RE: Knots, one last time.
(no name) ((no email))
Thu, 8 Oct 1992 17:21:13 CDT
Thank you for your comments as well as the comments of everyone on the list
to my "open-ended" discussion of the Roundtable visit. I will NOT destropy
Jessiann's thunder on this topic (as Jon and several others have mentioned
and as I did a TERRIBLE job trying to discern the two apart), the REAL
topic of this thread was the willingness (or not) to welcome newcomers to
the Scouting program in a new community.
I will let her make her points, WITHOUT my hovering (I will be gone to talk
to Parents Without Partners tonight about Scouting...so I won't be around when
she composes herself to state her points).
I would however, like to close out this topic by first stating that I don't
have "hurt feelings" for the opinions expressed here about my choice of
uniforming options. That would be a waste of my and our collective times to
have me on one hand to defend what I wear and why and several others to say
"but mike, you *know* that's a wee bit extreme". There WERE some comments
that I would like to address here in the open forum about uniforming.
Adrian brought up a good point...to paraphase "I have more (knots) on than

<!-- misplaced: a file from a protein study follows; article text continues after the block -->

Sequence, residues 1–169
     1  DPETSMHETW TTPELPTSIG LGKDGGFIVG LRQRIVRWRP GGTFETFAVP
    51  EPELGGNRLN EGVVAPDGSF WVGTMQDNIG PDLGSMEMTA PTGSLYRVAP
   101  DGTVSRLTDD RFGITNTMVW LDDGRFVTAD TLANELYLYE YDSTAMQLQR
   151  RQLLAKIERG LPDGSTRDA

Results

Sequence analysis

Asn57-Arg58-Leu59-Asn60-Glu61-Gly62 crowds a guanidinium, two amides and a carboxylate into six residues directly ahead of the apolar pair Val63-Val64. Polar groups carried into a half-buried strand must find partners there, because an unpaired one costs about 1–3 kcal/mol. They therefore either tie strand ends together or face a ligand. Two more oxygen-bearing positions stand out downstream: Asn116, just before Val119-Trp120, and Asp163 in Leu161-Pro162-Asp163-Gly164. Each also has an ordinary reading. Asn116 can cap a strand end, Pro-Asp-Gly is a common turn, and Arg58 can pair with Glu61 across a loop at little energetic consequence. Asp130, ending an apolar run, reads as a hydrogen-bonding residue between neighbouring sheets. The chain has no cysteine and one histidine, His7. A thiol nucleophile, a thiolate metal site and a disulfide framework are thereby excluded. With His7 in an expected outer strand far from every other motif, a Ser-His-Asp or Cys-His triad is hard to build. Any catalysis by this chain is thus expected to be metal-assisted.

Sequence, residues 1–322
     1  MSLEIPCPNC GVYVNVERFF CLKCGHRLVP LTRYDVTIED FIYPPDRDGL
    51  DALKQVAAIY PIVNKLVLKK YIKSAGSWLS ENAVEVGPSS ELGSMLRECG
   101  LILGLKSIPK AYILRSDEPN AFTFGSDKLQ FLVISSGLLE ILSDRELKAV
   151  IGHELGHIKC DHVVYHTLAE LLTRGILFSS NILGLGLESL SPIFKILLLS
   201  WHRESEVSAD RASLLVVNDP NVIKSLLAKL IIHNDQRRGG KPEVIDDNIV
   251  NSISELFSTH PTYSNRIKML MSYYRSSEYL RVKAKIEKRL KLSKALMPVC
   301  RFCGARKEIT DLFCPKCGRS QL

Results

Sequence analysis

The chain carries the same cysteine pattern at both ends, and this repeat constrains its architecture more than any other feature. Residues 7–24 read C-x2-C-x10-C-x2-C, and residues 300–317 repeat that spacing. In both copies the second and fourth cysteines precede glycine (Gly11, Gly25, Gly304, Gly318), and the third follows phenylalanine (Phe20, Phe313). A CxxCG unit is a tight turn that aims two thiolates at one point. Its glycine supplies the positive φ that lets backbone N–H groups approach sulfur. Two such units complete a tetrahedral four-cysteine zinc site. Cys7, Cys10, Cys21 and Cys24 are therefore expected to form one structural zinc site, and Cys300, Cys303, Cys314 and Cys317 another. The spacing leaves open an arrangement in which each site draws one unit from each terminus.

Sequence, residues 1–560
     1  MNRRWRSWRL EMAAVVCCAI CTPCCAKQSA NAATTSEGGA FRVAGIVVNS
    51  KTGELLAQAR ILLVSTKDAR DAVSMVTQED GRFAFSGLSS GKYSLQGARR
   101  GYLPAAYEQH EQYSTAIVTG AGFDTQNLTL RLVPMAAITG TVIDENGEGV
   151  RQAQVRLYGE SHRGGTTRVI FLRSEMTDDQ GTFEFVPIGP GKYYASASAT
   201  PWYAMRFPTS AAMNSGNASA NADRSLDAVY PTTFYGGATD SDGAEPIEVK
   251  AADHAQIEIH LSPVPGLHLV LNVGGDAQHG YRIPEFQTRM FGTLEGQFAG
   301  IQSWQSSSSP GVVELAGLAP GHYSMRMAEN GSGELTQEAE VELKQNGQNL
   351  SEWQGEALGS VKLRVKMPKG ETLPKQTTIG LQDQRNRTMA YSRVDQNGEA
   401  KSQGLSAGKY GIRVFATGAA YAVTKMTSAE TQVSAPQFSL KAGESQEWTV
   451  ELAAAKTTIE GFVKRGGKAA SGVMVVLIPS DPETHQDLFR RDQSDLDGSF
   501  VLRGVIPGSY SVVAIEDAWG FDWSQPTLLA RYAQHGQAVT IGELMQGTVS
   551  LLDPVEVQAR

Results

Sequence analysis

most Scouters that have been in the program for years." Yes, I do. But
those knots I wear are NOT based on "years of service"; rather they represent
SPECIFIC achievements that I have been fortunate enough (as we discussed
before)...to be "in the right place at the right time". The wearing of
the square knots (representing a certificate, plaque, lapel pin or medal
that would normally be worn during FORMAL occassions) does NOT make you
an aged old man or woman. It DOES, IMHO, make you someone that have taken
advantage of the training that Scouting has offered you, put it to work for
a specified period of time and have been recognized BY YOUR PEERS for that
achievement or service.
Kathie stated that (and again I am paraphasing) that "she returned from a
event and immediately started to take those knots off her shirts"! Kathie,
I feel that you have done more harm than good to your Council's program.
Remember that as Council Commissioner, you *ARE* the example of good uniforming
and proper wear of your awards...the ones that YOU were presented from YOUR
COUNCIL for YOUR personal achievements and service to THEM. Would you
recommend having a Cubmaster to remove all of his or her knots after they
have spent 5-8 years working up from parent to Den Leader to Den Leader Coach
to Assistant Cubmaster to Cubmaster and have earned the approviate awards for
each position?? I would think not. Likewise, would you advise your Council
President to take his Silver Beaver and Silver Antelope awards along with his
District Award of Merit off his uniform because some Scouter out there *might*
be "a little upset that he has all of that and I don't" ?? Nope. I
encourge you to display those things that got you where you are...so that some
other flegling commissioner can look at you from her table at the rear of
the room and say "That's ME in another five years, God willing!"